Rising seas, polluted coastlines and the specter of more frequent droughts and storms have lent new urgency to efforts to restore the ecosystem of the Florida Everglades, the largest freshwater wetland in the United States.
The Everglades' sawgrasses, swamps, tree islands and mangroves are home to a host of fascinating species, from American alligators to endangered hook-billed birds known as snail kites to invasive Burmese pythons.
Until now, the world's largest ecosystem restoration project—a massive plan expected to spend some $10.5 billion, known as the Comprehensive Everglades Restoration Plan—has made little progress since it was launched in 2000.
"Our goal was to have much of it done in 20 years," said Steve Davis, a wetlands ecologist with the Everglades Foundation, who led reporters on an airboat tour of the Everglades this month.
"We are almost 20 years in and we don't have a single project completed."
Water flow stopped
Even though the Everglades is known as the River of Grass, the water has not properly flowed through it in the past 70 years or so, because human development cordoned off the freshwater which used to spill over from Florida's massive Lake Okeechobee toward the south.
As millions of people poured into the Sunshine State, a dike was built to protect against hurricane flooding and swamps were drained to make way for sugar cane farms.
About one third of the Everglades' original three million acres (405,000 of 1.2 million hectares) became farmland, and 1.5 million acres were designated a national park.
"We altered the ecosystem back in the '40s and '50s when we didn't know any better," said Bob Johnson, a hydrologist with the National Park Service.
"Now we have to fix it."
The consequences of diverting Lake Okeechobee's water—much of it polluted by agricultural discharge—to the east and west have grown increasingly dire.
Last year, algae blooms coated the coastline with smelly, guacamole-colored sludge, and swimmers were warned to stay out of the water due to outbreaks of poisonous bacteria.
Meanwhile, the spread of hot and salty water off the southern tip of Florida killed fertile fish breeding grounds known as seagrasses, threatening tourism and fishing—two key drivers of the state economy.
"There is simply not enough water coming in from the north to keep the entire system hydrated from top to bottom," said Davis.
The movement of freshwater from the lake toward the south must be restored if the area's tourist economy, drinking water and natural and developed lands are to be sustained in the years to come, he said.
Without some two million more acre feet—an old measure devised by imagining a foot of water on an acre (0.4 hectare) of land—of freshwater to drench the Everglades, the marshes dry out, the thin layer of peat covering the porous limestone ground dissipates or even burns under the hot sun, and the landscape flattens making it easier for saltwater to invade, Johnson told a meeting of the Tropical Audubon Society this month.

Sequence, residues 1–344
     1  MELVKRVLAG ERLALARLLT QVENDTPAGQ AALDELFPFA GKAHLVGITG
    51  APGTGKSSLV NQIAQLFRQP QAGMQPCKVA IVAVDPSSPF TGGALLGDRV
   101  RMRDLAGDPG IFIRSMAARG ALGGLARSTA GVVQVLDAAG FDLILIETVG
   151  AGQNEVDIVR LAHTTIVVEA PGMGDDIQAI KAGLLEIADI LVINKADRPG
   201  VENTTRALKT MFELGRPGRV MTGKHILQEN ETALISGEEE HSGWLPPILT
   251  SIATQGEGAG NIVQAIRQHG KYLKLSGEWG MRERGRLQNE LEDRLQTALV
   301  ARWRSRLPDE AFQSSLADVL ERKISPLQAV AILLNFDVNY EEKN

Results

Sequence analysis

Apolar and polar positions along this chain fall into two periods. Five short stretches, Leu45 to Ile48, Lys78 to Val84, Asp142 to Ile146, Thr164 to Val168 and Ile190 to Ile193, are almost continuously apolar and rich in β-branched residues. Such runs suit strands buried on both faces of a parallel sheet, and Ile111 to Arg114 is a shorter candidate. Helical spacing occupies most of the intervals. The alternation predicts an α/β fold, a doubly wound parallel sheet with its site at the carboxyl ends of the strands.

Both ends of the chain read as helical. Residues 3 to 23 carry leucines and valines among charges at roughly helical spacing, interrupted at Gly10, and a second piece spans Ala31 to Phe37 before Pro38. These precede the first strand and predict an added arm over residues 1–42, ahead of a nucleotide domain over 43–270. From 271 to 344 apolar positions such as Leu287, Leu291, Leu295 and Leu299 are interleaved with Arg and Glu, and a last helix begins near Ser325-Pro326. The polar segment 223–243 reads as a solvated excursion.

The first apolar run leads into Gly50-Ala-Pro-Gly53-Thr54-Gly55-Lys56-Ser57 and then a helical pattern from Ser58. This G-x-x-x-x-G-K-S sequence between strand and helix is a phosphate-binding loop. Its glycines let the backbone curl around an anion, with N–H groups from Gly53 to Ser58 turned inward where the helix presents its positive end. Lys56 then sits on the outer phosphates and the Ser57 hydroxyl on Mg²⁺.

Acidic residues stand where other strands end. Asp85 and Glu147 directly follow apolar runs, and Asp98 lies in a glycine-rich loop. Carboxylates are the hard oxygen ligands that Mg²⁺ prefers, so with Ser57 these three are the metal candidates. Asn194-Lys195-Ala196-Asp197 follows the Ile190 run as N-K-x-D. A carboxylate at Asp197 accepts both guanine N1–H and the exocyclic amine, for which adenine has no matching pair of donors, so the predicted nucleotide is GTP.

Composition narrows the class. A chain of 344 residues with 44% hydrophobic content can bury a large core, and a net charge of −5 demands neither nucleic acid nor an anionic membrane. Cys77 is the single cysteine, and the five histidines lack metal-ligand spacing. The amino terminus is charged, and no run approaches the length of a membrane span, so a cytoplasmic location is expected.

Saltwater intrusion is already making its way into parts of Florida's aquifers—which provide drinking water—and could forever alter the Everglades' fragile ecosystem.
Having more freshwater in the system could help because it "pushes against the saltwater and keeps those marshes wet," explained Johnson.
"It helps stave off the effects of sea level rise."
Scientists like Davis and Johnson say the solution requires having more land south of the lake—an area filled with sugar cane farms—to use as storage reservoirs where water can be cleaned before flowing south.
"If we don't figure out how to store more water, we can't get through the problems to come. We can't get through long droughts and then very intense rainfall," said Johnson.
After years of political squabbles, there are signs that lawmakers are motivated to fix the problem.
Bills have been newly introduced in the Florida House and Senate to authorize over one billion in state dollars to acquire 60,000 acres of land for a reservoir south of Lake Okeechobee that would hold 120 billion gallons (454 billion liters) of water.
But more than a dozen farming companies in the area have dug in their heels, including sugar giants US Sugar and Florida Crystals, saying they are not willing to sell, questioning the science behind the proposals, and warning of job losses if land acquisition goes ahead.
Criticisms of the plan and its priority on finding storage south of Lake Okeechobee have also emerged from the South Florida Water Management District, which is made up of political appointees of Republican Governor Rick Scott, a well-known skeptic of climate change.
A review of the Everglades restoration plans by the National Academies of Sciences (NAS), issued in December 2016, found that more money and water is urgently needed, because the effects of climate change were not considered in the restoration plans when they were released in 2000.
And with global sea levels expected to rise by 40 inches (one meter) or more by century's end, there is no time to waste.
"If you change nothing now, if you do things as planned, you are going to run into serious flooding issues," said Fernando Miralles-Wilhelm, a professor of atmospheric science at the University of Maryland and leader of the NAS committee's climate change-related research efforts.
"Those effects are occurring on the timescale of a few decades."
Explore further: Everglades restoration report shows success, but climate change remains a challenge